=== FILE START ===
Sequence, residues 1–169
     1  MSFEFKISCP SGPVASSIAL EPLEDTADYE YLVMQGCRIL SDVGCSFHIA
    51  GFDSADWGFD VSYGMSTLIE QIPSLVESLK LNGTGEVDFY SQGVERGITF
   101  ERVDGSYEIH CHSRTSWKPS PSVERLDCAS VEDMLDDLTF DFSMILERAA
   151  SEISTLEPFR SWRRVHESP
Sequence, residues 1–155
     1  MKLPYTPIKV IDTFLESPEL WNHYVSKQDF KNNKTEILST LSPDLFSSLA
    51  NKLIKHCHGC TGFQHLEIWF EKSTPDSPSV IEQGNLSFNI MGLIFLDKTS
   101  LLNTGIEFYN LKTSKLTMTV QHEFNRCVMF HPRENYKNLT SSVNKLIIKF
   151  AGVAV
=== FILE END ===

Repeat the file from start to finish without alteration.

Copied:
Sequence, residues 1–169
     1  MSFEFKISCP SGPVASSIAL EPLEDTADYE YLVMQGCRIL SDVGCSFHIA
    51  GFDSADWGFD VSYGMSTLIE QIPSLVESLK LNGTGEVDFY SQGVERGITF
   101  ERVDGSYEIH CHSRTSWKPS PSVERLDCAS VEDMLDDLTF DFSMILERAA
   151  SEISTLEPFR SWRRVHESP
Sequence, residues 1–155
     1  MKLPYTPIKV IDTFLESPEL WNHYVSKQDF KNNKTEILST LSPDLFSSLA
    51  NKLIKHCHGC TGFQHLEIWF EKSTPDSPSV IEQGNLSFNI MGLIFLDKTS
   101  LLNTGIEFYN LKTSKLTMTV QHEFNRCVMF HPRENYKNLT SSVNKLIIKF
   151  AGVAV